Some family members might wish the addict had some sort of physical illness instead of a mental one. People tend to understand heart disease and cancer. There are cards from well-wishers, fundraisers, and friends offering help in any way they could. With addiction, there is an awkward silence

“People say they don’t want to bring up anything sad or negative so they don’t ask me about my son,” says Wykowski. “Here’s my perspective. If you don’t ask, you don’t care, and you perpetuate the insidious shame cycle.”

The Dynamic of a Family with an Addict

In a regular family unit, the dynamic is centered around keeping the home balanced and functional. With a substance abuser, the roles of the family shift to adjust to the behaviors associated with addiction to continue maintaining that balance.

There are six identifiable roles:

1. The Enabler

The enabler covers for the addict by taking care of finances, social commitments, or other matters the addict has abandoned. This person is often in denial about the severity of the addiction and makes excuses for it.

2. The Mascot

Some individuals turn to humor as a coping mechanism and use it to bring moments of a little relief to the home.

3. The Hero

The hero is generally an overachieving child who takes on home responsibilities that exceed their development stage, sometimes even parental roles. He or she is obsessed with perfectionism, which becomes challenging to maintain as the addiction progresses.

4.The Scapegoat

This is a child who misbehaves and is often in trouble at school and at home. Their behavior reflects the chaotic and toxic atmosphere in the house.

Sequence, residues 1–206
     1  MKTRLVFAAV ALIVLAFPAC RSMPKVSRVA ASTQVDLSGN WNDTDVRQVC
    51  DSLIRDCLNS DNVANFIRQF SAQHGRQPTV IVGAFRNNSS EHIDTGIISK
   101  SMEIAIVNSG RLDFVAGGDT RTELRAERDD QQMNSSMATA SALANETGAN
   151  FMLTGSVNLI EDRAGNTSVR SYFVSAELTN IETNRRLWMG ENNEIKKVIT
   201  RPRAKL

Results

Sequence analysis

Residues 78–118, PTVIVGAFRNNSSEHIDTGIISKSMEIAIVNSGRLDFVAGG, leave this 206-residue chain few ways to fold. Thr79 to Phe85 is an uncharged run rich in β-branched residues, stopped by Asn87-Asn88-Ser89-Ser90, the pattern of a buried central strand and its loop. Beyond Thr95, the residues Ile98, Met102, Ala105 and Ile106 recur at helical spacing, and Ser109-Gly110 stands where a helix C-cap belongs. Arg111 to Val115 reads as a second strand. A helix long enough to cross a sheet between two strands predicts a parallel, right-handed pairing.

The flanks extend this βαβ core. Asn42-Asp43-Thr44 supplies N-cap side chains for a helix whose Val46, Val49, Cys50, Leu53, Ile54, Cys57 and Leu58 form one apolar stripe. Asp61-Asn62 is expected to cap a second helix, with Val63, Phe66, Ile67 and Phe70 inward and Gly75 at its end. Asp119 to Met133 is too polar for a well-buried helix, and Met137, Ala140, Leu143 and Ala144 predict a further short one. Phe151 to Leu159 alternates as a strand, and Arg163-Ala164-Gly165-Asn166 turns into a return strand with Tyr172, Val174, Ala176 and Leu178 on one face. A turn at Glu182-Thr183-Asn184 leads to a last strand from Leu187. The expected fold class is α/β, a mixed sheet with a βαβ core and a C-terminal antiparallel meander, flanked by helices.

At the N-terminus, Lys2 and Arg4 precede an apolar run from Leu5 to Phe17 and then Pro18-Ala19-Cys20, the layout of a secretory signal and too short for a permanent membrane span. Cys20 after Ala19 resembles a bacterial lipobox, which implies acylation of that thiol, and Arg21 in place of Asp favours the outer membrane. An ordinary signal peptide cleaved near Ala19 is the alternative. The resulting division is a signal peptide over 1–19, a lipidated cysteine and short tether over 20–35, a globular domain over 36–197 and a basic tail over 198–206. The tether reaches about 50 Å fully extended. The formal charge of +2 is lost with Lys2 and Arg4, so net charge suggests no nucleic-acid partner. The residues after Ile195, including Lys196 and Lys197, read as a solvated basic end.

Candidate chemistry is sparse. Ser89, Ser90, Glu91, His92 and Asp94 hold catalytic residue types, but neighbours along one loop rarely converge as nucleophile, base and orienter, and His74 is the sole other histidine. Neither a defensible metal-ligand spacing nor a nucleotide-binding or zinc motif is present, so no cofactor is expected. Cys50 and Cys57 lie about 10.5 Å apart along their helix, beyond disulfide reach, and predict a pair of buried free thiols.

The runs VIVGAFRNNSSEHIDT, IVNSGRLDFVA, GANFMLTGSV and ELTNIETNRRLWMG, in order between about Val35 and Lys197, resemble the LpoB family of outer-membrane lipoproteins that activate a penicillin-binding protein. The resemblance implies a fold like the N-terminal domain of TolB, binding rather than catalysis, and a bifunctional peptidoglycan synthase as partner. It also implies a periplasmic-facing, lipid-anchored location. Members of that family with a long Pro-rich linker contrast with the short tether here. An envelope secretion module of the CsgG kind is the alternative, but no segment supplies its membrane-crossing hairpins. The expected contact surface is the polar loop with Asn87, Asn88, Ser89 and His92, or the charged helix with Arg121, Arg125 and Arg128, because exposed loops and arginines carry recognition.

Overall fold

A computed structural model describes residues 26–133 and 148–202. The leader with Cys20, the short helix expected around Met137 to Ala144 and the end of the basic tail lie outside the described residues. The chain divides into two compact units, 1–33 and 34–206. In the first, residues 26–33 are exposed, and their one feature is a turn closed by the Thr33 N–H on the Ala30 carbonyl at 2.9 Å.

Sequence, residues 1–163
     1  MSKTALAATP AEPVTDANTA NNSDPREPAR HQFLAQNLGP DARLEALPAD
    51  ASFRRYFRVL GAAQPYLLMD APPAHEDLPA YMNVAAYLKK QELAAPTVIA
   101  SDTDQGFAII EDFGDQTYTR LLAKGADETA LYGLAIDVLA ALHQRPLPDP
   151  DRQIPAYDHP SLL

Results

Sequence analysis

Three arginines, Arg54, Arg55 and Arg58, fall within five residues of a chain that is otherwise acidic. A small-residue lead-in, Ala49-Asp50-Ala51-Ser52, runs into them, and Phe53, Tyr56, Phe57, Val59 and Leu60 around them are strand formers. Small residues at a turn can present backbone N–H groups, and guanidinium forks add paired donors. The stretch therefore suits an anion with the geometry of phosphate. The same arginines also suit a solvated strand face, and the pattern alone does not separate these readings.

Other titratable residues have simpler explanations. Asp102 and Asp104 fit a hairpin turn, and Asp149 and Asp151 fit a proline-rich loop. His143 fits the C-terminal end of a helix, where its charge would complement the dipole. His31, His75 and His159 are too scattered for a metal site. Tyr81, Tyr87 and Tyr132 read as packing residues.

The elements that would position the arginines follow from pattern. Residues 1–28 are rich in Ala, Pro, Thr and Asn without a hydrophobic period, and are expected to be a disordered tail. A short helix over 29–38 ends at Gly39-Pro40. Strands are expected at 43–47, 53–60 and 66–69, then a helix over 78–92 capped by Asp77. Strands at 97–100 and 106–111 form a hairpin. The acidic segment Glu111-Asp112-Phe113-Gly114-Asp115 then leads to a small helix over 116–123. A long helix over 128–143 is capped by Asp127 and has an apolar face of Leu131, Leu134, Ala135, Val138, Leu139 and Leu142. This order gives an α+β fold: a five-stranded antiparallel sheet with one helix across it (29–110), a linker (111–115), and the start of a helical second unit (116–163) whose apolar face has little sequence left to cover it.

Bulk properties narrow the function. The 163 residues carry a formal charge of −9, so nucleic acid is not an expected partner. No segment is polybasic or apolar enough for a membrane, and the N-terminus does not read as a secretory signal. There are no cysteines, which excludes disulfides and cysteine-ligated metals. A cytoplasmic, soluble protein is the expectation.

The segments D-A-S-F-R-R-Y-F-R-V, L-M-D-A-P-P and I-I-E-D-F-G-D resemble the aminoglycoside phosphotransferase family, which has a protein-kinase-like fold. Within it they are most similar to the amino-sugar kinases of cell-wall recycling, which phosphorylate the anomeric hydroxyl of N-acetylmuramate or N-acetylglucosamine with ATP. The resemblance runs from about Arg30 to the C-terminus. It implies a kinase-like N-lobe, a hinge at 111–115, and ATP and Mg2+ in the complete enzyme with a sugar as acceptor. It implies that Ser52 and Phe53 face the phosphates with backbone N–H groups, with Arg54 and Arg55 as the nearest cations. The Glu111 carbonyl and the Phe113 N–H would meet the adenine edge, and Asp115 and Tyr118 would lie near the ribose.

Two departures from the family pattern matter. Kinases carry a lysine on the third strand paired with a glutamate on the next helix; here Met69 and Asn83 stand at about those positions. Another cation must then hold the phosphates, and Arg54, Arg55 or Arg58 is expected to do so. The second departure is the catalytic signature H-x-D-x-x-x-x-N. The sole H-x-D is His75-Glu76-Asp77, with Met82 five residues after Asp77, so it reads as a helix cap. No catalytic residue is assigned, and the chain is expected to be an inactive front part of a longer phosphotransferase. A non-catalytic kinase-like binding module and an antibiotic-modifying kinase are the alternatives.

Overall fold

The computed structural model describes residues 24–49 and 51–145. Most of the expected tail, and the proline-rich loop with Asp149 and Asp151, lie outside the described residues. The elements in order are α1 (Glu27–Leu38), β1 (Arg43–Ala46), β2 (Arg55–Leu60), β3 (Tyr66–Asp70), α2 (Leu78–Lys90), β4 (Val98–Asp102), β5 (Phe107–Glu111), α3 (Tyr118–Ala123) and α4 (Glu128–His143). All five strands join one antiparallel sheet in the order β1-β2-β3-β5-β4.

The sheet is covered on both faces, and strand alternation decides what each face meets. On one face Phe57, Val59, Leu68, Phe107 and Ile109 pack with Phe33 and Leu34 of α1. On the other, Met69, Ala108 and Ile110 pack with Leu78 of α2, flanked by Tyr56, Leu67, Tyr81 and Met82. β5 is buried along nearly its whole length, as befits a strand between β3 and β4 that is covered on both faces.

5. The Lost Child

This person becomes isolated from other family members and has difficulty in social situations. They often engage in fantasy play to distract themselves from the negative environment.

6. The Addict

Many substance abusers feel shameful and guilty about the pain they’ve brought onto their families, while others hold anger and resentment toward them.

The family members themselves, especially parents, can blame themselves for progression of the addiction, while siblings can hold resentment against the addict for embittering their home life. [2]

Wykowski works to overcome the hardship of her position. “I’m becoming a mom who won’t let her son’s disease take her life too,” she writes. “I will weather these storms because shame, blame, and guilt are not as powerful as my conviction for living with fierce grace.”

Reaching Out to Families Impacted by Addiction

When reaching out to the family, addiction should be viewed with the same lens as any other disease. They don’t want pity, recommendations, or answers. Ask about the addict and the family member’s wellbeing. Addiction is a lonely disease, for the family as well. Above all, they want compassion and hope.

“There’s been a revolving door of hospitalizations, incarcerations, and homelessness,” concludes Wykowski in her essay. “Let’s stop the stigma. It’s powerfully healing if we can be in conversation together.” [4]